Reasons for low pressure/low flow?

ukmattFebruary 24, 2009

I have a newish pool with all Pentair equipment including a 4x160 pump, intellichlor salt cell and a cartridge filter.

The pressure gauge on the filter has 20psi marked as "Start" and 25 or 30psi (don't remember) marked as "Clean".

When I run the pump at 2500rpm in pool mode, the reading is only around 12psi and it has been like that for some time although we believe it was higher when the pool first started up. In addition, even though my Intellichlor is producing chlorine just fine (all green lights), the diagnostics on the EasyTouch say "Check Flow/PCB".

If the pool is clean, the water features working as expected and the chlorine level acceptable, is there any need to worry about the PSI?


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How long does the pump run each day. If the on and off times for the cell are matched to the pump, delay the start of the cell for 10 minutes and have it turn off 5 minutes before the pump. I'd bet that ends the flow sensor trips.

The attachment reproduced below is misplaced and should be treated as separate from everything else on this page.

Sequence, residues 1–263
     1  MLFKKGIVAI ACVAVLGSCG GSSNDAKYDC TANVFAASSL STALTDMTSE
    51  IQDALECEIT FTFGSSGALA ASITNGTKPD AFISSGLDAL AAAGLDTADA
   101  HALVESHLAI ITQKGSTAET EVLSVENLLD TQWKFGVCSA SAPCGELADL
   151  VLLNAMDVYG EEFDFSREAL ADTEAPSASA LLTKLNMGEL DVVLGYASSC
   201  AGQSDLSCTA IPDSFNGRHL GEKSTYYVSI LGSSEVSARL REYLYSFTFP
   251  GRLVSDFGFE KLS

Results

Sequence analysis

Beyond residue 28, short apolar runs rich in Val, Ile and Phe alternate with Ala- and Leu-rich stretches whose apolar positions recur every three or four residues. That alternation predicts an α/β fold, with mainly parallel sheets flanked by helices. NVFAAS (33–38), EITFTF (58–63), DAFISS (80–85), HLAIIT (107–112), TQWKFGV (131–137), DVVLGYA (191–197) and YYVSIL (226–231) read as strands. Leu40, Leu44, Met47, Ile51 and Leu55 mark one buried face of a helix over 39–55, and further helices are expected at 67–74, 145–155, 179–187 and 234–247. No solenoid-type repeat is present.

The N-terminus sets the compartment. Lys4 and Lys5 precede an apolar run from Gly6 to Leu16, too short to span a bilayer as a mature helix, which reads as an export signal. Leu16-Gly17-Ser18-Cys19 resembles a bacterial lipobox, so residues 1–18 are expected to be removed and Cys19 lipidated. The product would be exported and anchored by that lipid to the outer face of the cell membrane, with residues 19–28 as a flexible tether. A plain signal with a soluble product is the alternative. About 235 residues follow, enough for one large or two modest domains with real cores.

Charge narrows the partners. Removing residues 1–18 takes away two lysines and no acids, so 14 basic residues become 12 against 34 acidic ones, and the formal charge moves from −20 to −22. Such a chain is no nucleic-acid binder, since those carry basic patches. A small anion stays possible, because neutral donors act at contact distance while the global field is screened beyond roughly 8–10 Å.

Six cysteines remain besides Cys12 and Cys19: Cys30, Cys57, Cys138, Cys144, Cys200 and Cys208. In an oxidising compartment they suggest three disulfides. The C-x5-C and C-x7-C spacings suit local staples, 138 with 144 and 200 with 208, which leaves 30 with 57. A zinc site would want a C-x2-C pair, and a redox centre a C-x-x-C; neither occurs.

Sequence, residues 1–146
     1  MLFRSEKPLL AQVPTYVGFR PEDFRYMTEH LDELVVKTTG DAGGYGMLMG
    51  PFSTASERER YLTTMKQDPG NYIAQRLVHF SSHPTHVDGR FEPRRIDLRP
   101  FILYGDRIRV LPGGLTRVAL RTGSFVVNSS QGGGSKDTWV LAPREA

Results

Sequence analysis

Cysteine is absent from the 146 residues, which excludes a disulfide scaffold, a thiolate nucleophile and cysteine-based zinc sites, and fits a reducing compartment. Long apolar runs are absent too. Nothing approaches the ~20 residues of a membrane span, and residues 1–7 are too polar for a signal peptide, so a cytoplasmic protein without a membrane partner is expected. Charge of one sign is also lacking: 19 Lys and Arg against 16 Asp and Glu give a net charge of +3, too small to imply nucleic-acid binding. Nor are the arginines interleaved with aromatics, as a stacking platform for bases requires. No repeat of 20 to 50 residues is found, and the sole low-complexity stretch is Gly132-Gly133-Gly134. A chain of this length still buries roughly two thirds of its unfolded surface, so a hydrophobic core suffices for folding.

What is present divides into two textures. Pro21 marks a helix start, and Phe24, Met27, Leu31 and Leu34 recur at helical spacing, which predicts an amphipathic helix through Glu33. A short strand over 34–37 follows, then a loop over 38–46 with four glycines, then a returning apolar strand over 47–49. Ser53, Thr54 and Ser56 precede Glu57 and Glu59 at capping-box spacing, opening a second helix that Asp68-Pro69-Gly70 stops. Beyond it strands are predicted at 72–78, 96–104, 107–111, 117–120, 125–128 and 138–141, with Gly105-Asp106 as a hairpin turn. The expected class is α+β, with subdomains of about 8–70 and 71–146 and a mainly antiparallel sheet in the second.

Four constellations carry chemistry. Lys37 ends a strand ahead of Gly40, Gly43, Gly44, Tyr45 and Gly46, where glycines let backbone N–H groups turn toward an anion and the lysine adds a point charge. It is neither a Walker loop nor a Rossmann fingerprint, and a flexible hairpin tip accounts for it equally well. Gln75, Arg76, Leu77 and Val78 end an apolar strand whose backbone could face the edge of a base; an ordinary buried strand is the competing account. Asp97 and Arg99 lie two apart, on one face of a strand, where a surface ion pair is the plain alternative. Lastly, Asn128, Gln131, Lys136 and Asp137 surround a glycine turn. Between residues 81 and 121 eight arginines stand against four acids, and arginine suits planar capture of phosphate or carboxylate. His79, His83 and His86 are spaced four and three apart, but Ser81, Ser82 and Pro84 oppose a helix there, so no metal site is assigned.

12 PSI at your speed seems about right for normal 2 inch plumbed system. A 2 HP Whisper Flow with an FNS 60 usually reads 16 to 18 lbs. which is about 80 to 95 GPM flow. I'd venture to guess that your current mode is pushing about 50 to 60 GPM.

What conditions exist that the pump speed needs so much water?


    Bookmark   February 24, 2009 at 12:49PM